• April 25, 1923 Albert King, hall of fame blues guitarist and singer, was born Albert Nelson in Indianola, Mississippi but raised near Forrest City, Arkansas. King began his professional career as a musician with a group called In The Groove Boys. He briefly played drums on several early recordings of the Jimmy Reed band. King moved to Chicago, Illinois in 1953 and recorded his first single. He released his first album in 1962, “The Big Blues,” which contained “Don’t Throw Your Love on Me So Strong” which was a major hit. King moved to Memphis, Tennessee in 1966 and signed with Stax Records and released “Born Under a Bad Sign” in 1967 which made him nationally known. Other albums by King include “Lovejoy” (1971), “New Orleans Heat” (1978), and “Red House” (1992). King influenced many other musicians, including Eric Clapton and Stevie Ray Vaughan. He was inducted into the Blues Hall of Fame in 1983 and received the Rhythm and Blues Foundation Pioneer Award in 1991. King died December 21, 1992. He was posthumously inducted into the Rock and Roll Hall of Fame in 2013.
  • April 25, 1929 Byrd Prillerman, co-founder of West Virginia State College, died. Prillerman was born enslaved October 19, 1859 in Shady Grove, Virginia. After being freed, he began school at 12 and earned his Bachelor of Science degree in 1889 from Knoxville College. Prillerman earned his Master of Arts degree from Westminster College in 1894 and his Doctor of Letters degree from Selma University in 1916. In 1891, along with Rev. C. H. Payne, Prillerman secured legislative action to create the West Virginia Colored Institute which opened its doors the following year with Prillerman as the head of the Department of English. He taught in that capacity until 1909 when he was elected president of the institution, a position he held until his retirement in 1919. Prillerman was also one of the organizers, and for many years president, of the West Virginia Teachers’ Association.  One of his favorite sayings was “a well painted two-story house owned by a Negro is sharper than a two-edged sword.” Byrd Prillerman High School in Amigo, West Virginia is named in his honor.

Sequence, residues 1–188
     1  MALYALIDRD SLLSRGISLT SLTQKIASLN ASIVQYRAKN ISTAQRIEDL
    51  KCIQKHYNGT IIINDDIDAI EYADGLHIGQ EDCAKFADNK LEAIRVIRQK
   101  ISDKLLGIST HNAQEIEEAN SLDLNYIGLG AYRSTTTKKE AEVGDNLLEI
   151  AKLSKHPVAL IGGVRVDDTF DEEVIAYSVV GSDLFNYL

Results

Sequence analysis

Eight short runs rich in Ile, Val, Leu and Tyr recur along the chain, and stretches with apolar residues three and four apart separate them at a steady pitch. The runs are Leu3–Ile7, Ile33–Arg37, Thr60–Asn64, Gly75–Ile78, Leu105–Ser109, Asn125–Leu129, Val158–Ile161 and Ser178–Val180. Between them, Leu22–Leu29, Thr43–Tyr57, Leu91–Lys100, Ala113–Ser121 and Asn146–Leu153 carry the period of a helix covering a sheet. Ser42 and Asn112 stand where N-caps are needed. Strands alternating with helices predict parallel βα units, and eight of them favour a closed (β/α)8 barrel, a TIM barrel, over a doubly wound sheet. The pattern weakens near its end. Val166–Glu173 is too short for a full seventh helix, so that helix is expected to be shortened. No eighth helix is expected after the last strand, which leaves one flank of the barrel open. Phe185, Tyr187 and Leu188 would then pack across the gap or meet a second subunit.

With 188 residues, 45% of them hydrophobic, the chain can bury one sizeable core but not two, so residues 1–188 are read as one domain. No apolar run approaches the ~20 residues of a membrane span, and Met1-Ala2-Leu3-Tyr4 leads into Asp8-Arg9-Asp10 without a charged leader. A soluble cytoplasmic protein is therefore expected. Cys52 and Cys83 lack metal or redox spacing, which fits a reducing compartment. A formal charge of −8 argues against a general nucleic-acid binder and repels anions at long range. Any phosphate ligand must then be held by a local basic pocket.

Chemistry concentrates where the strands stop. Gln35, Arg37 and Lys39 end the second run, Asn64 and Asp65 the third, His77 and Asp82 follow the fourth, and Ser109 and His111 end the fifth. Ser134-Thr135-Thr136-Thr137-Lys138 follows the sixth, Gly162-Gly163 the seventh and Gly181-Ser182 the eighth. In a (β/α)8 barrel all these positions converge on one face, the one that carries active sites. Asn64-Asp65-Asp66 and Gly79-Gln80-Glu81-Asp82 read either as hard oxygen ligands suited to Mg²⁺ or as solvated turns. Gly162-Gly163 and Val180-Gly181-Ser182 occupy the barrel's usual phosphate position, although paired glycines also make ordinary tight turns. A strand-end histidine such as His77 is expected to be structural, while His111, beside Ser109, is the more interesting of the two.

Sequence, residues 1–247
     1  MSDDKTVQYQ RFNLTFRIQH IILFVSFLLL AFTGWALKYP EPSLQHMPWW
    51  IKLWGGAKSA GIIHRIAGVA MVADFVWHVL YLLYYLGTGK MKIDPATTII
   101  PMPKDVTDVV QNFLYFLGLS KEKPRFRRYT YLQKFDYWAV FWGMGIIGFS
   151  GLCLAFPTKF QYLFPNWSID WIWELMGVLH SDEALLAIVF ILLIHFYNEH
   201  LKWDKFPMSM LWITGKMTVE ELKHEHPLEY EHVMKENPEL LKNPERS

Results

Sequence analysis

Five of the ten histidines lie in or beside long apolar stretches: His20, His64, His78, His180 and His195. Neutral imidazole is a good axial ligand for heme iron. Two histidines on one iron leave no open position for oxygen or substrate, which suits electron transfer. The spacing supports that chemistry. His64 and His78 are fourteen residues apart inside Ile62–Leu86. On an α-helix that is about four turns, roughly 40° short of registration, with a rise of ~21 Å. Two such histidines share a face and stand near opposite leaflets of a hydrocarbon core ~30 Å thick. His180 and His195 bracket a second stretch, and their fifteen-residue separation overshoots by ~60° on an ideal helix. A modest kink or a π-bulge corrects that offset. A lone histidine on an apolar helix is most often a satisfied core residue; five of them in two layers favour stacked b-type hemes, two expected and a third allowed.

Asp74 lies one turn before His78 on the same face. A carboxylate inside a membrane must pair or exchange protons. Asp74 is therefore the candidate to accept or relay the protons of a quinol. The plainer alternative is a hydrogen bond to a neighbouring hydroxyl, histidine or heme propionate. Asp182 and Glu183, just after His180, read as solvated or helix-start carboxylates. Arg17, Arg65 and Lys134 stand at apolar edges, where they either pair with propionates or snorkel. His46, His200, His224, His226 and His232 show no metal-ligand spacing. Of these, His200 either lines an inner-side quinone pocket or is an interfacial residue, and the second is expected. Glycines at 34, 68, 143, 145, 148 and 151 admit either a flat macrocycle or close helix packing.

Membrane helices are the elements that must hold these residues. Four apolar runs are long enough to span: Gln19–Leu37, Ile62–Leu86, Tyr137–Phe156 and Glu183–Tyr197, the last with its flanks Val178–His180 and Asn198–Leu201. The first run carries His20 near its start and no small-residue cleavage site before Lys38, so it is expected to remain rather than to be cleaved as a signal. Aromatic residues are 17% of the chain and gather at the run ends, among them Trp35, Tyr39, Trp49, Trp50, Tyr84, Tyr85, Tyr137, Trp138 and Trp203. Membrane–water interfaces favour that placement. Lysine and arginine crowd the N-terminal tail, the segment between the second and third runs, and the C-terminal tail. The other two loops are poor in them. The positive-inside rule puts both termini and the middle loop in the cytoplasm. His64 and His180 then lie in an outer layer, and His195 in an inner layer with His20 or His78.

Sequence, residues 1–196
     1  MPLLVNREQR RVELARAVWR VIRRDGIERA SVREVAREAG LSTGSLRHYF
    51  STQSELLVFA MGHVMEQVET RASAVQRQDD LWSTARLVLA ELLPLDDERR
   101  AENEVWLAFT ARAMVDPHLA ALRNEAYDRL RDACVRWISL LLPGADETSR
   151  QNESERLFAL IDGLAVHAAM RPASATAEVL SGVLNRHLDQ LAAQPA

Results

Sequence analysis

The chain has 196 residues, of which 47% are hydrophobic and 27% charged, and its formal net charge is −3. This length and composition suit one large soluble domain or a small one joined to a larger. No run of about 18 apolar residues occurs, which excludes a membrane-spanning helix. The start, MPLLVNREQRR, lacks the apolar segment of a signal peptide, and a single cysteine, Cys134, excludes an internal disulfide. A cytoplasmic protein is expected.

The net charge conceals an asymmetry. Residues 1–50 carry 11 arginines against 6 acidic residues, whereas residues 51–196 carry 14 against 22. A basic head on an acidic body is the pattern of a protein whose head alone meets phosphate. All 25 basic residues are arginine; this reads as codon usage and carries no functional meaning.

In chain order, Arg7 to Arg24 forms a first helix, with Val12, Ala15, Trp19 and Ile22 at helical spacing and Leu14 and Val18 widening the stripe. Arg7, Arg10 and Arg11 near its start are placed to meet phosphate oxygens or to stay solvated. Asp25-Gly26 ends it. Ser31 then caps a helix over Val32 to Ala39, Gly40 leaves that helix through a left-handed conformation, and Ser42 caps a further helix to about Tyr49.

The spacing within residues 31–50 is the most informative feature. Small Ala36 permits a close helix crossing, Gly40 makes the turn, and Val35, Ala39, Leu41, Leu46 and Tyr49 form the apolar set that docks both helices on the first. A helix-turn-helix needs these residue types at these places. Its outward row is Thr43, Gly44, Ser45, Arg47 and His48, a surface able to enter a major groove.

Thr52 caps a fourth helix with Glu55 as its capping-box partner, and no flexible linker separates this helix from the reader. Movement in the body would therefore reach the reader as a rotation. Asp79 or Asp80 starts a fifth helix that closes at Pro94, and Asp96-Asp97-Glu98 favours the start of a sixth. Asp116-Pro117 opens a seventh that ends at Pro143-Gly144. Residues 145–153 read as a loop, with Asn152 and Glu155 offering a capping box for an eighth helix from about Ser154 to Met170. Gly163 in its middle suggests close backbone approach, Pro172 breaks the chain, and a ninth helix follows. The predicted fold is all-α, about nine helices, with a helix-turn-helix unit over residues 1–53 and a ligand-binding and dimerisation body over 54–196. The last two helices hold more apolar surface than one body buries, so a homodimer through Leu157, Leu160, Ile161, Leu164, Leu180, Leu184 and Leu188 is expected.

• April 25, 1932 Meadow “Meadowlark” Lemon, hall of fame basketball player and minister, was born in Wilmington, North Carolina. Lemon joined the Harlem Globetrotters in 1955 and over the next 25 years played in more than 16,000 basketball games and became known as the “Clown Prince” of the team. In 1980, he left the Globetrotters to form the first of multiple Globetrotter imitations that he formed. Lemon became an ordained minister in 1986 and received a Doctor of Divinity degree from Vision International University in 1988. In 2000, Lemon was presented the John W. Bunn Lifetime Achievement Award, given annually by the Naismith Memorial Basketball Hall of Fame “to an individual who has contributed significantly to the sport of basketball” and in 2003 he was inducted into the hall of fame. Lemon is part-owner of a team in the American Basketball Association. He published “Trust Your Next SHOT: A Guide to a Life of Joy” in 2010. For more than 30 years Lemon has served as a motivational and inspirational speaker.
  • April 25, 1944 The United Negro College Fund was incorporated by Frederick D. Patterson, Mary McLeod Bethune, and others to raise funds for 39 private historically Black colleges and universities. In 1972, the UNCF adopted the motto “A mind is a terrible thing to waste” which is one of the most widely recognized slogans in advertising history. Notable UNCF alumni include Dr. Martin Luther King, Jr., Alexis Herman, Spike Lee, Samuel L. Jackson, General Chappie James, and Dr. David Satcher. Today, the UNCF plays a critical role in enabling more than 60,000 students each year to attend college through scholarships and internships.